At Axentia, we bring together a fantastic group of experienced associates with many skills. Our Associate Sukh Randhawa is notable for helping organisations with major change and transformation projects, where key elements relate to Equity, Diversity, and Inclusion. Here Sukh brings her perspective on how Privilege, Belonging, and Diversity of Thought make business sense.
When we hear the word privilege, what do we think of? In the Western world, this conjures up the image of white privilege, male privilege, heterosexual privilege, or able-bodied privilege, among others.
As a Panjabi woman born in the UK to immigrant parents, I have experienced privilege and marginalisation in different aspects of my life. On the one hand, I have had access to opportunities and resources my parents did not have when they first arrived in the UK. I grew up in a country with a robust education system, a relatively stable political environment, and a diverse and multicultural society.
So, what does Privilege mean? – It refers to the advantages, benefits, and opportunities that some individuals or groups enjoy simply because of their social identity, such as race, gender, sexual orientation, or socioeconomic status. These advantages can be both visible, such as access to resources, education, or job opportunities, and invisible, such as being treated with more respect or not experiencing discrimination or harassment.
Privilege is often invisible to those with it and can be challenging to recognise or acknowledge. It can also be used to maintain power and advantage and contribute to the oppression and marginalisation of those who do not have the same privileges. Recognising and acknowledging privilege and working towards dismantling systems and structures perpetuating privilege and oppression is essential.
Understanding privilege and its impact is vital in creating more equitable and inclusive communities, workplaces, and society.
I have also experienced marginalisation and discrimination based on race, ethnicity, and gender. Growing up, I often felt like an outsider, caught between two worlds – my parents’ Panjabi culture and traditions and the culture and traditions of England, the country I was born in. I have experienced racism and microaggressions, both overt and subtle, and have had to work twice as hard to prove myself in academic and professional settings.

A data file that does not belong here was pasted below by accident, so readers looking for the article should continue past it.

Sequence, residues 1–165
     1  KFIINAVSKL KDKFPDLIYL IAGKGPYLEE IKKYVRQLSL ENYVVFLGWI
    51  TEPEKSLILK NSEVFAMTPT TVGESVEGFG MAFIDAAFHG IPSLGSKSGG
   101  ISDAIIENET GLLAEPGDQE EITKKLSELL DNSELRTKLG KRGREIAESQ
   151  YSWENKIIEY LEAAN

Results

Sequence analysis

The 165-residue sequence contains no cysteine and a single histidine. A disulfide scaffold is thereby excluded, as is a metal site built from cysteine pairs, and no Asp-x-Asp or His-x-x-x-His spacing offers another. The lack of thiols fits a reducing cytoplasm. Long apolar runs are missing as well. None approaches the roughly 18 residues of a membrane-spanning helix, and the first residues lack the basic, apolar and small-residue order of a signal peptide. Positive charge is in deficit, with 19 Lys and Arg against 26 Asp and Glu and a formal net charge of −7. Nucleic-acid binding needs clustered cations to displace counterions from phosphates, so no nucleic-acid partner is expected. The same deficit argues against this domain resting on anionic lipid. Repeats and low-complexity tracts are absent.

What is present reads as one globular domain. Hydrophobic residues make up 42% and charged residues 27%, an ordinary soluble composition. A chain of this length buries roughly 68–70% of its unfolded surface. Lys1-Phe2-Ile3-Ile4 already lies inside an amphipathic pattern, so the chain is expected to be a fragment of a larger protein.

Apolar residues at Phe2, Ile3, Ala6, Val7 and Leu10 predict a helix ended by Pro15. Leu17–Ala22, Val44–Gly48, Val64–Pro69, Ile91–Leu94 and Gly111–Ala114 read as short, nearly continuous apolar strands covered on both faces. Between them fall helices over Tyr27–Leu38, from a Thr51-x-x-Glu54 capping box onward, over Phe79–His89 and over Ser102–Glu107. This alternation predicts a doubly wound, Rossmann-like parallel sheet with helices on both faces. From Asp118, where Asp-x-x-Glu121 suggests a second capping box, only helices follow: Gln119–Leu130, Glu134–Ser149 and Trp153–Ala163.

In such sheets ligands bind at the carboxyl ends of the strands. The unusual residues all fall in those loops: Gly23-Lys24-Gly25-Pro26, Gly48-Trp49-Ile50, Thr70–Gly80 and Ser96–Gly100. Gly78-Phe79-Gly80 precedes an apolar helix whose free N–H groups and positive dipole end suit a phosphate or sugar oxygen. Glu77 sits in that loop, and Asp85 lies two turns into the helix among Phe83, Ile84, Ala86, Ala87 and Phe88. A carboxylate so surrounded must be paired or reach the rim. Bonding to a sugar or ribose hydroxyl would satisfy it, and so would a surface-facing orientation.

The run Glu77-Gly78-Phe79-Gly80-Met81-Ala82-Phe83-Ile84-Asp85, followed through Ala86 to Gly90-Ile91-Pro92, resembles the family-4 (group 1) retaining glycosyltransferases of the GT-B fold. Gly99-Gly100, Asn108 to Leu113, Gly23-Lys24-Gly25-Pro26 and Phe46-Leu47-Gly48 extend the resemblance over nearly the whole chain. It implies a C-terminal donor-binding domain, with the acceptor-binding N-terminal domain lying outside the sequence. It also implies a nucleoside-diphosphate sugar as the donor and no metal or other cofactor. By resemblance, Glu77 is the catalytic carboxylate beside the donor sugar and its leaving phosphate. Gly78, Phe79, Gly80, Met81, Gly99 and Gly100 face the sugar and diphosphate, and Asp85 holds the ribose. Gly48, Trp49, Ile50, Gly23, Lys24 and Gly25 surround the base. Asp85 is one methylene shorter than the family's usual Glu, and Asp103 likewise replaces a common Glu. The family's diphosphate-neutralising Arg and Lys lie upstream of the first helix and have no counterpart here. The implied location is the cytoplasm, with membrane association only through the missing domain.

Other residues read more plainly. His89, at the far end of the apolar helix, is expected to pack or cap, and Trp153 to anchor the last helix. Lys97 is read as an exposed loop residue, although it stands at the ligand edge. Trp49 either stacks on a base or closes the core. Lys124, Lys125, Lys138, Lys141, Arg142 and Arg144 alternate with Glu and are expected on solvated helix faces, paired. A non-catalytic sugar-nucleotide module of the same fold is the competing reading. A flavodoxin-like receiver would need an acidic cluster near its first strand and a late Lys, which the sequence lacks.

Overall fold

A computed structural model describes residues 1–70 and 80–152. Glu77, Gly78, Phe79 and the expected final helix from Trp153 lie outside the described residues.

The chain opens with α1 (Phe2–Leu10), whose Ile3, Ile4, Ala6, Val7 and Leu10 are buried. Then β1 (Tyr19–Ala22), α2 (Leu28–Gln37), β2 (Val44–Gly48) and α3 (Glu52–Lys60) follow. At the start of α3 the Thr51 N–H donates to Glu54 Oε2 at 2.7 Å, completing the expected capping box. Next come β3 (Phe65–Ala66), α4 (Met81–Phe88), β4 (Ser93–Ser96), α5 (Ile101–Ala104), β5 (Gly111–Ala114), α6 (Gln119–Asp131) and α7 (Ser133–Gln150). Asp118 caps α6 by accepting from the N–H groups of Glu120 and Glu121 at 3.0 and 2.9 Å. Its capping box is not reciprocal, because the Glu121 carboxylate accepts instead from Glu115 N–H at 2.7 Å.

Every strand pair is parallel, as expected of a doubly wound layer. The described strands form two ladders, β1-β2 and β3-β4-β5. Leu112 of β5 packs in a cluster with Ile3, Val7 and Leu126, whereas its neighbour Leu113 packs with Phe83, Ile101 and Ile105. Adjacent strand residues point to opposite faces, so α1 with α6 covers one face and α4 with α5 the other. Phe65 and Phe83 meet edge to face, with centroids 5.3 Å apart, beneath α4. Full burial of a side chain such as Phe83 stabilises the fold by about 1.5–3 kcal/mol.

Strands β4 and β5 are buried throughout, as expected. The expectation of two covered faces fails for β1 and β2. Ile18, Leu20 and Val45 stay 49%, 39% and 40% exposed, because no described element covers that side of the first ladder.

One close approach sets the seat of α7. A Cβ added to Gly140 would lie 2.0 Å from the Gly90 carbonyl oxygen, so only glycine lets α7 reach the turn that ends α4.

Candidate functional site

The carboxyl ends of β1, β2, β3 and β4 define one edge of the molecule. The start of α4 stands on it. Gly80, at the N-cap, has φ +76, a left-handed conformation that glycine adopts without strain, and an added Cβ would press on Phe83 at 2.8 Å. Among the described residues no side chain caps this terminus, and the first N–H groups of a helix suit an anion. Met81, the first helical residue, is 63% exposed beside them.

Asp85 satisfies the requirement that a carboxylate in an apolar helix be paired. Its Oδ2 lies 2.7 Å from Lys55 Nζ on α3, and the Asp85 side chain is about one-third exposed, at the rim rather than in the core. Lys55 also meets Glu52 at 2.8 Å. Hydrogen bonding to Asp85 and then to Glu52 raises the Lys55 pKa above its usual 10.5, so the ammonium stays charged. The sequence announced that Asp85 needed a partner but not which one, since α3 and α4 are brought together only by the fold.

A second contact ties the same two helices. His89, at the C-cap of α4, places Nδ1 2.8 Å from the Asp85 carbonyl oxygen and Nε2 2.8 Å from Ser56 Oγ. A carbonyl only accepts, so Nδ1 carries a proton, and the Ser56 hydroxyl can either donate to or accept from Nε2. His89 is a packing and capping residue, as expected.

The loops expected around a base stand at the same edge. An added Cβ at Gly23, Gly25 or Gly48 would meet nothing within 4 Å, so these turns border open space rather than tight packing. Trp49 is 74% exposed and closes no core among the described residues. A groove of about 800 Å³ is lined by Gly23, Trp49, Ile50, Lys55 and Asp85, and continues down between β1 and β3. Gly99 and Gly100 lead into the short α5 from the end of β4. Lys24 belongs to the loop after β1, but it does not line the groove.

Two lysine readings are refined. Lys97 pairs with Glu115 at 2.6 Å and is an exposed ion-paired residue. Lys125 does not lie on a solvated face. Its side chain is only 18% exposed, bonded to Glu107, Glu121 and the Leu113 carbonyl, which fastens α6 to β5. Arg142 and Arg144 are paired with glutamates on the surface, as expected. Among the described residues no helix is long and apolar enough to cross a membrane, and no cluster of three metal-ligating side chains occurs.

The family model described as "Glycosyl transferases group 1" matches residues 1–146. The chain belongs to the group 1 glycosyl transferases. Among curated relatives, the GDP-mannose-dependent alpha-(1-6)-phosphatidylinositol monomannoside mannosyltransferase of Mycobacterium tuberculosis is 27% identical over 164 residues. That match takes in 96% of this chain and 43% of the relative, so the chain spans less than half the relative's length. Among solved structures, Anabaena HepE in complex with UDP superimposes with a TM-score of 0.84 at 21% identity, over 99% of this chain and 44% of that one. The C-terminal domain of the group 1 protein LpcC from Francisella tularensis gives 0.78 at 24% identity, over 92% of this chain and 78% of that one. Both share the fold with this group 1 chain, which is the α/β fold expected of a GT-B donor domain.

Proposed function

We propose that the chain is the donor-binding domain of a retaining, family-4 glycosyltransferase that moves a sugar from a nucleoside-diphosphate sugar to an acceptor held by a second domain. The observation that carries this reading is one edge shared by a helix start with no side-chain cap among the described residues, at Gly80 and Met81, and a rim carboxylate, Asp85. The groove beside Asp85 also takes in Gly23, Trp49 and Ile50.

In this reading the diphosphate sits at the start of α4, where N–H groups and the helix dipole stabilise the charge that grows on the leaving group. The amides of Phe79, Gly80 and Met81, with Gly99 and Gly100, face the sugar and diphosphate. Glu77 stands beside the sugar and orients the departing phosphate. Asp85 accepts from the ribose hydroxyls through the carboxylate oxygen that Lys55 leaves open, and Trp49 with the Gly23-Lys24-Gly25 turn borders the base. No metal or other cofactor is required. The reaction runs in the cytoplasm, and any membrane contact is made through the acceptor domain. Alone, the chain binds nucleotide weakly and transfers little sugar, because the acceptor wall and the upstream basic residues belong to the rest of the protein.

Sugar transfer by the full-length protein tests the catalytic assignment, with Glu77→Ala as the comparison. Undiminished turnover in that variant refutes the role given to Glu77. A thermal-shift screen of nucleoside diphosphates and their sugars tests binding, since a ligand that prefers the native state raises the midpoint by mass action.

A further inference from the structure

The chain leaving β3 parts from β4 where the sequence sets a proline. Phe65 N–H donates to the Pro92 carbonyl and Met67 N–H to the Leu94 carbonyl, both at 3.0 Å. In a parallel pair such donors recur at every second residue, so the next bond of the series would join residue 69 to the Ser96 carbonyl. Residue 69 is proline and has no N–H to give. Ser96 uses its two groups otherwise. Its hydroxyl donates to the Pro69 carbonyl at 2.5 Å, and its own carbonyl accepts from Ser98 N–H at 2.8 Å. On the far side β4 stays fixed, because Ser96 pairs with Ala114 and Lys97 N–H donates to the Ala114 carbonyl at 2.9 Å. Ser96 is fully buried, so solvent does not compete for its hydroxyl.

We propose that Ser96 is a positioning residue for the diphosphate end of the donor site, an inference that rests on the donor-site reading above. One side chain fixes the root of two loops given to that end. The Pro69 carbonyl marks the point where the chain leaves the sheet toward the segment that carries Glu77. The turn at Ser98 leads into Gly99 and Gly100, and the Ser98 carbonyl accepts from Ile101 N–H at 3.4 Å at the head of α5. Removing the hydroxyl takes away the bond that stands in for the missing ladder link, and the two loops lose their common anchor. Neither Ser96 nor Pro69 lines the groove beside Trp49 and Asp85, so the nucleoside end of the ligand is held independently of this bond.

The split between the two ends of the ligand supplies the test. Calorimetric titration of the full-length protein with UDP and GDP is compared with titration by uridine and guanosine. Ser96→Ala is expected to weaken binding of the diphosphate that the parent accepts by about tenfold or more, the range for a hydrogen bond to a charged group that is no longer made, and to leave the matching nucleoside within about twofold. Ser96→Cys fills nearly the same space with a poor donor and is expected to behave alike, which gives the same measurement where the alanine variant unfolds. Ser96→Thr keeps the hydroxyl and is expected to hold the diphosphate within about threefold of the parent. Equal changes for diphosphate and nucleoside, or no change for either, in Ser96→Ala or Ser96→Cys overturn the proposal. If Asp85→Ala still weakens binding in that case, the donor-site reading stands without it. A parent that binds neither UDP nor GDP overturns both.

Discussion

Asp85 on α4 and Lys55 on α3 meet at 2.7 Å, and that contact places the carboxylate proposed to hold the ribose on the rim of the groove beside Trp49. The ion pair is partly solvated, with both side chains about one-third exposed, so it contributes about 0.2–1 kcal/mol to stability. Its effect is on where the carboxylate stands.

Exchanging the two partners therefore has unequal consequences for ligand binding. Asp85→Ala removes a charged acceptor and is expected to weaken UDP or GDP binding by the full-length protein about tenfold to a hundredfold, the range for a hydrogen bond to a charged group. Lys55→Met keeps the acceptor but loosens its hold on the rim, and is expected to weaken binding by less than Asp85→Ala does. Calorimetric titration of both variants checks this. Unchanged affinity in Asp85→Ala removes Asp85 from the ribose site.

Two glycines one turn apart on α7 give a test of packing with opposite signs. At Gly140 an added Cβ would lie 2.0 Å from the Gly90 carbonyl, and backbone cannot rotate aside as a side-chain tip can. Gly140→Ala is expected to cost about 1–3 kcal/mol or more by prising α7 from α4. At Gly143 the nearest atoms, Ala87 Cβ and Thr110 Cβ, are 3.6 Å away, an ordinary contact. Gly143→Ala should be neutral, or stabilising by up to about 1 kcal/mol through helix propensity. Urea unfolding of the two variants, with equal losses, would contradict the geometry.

Despite these challenges, I have also benefited from certain privileges, such as being born into a middle-class family and having access to education and other resources that have allowed me to pursue my goals and ambitions. I also acknowledge that my intersecting identities shape my experiences and that others may have experienced different forms of privilege and marginalisation based on their unique circumstances.
As I continue to navigate the world as a Panjabi woman born in the UK, I am committed to using my privilege to advocate for and uplift marginalised communities. It is our responsibility to acknowledge and challenge systems of oppression and to work towards creating a more equitable and just society for all.
Uplifting the marginalised is more than just the ethically right thing. It also makes business sense! Diversity of thought brings with it a significant commercial advantage for organisations. When individuals with different perspectives, experiences, and backgrounds come together to solve problems and make decisions, they can bring insights and approaches that may not have been considered otherwise. This can lead to more creative solutions, better decision-making, and more innovative and adaptive organisational culture.
Diversity of thought can also help organisations better understand and respond to the needs of a diverse customer base. By bringing together a range of perspectives and experiences, organisations can develop more inclusive products and services that meet the needs of a broader range of customers.
However, achieving diversity of thought requires more than simply having a diverse workforce. It requires creating a culture of inclusion, where all voices are heard and valued, and individuals feel comfortable expressing their opinions and ideas. This requires organisations to actively seek out and listen to diverse perspectives and to create processes and systems that support and encourage diversity of thought.
By embracing the diversity of thought, organisations can gain a competitive advantage by fostering a culture of innovation, creativity, and inclusivity, leading to better decision-making, improved customer satisfaction, and increased profitability.
As part of my purpose to shine a light of privilege and create a culture of belonging for all, I invite you to contact me for an exploratory conversation on how we can create a culture of belonging for all and raise our voices as allies when we have the privilege to do so.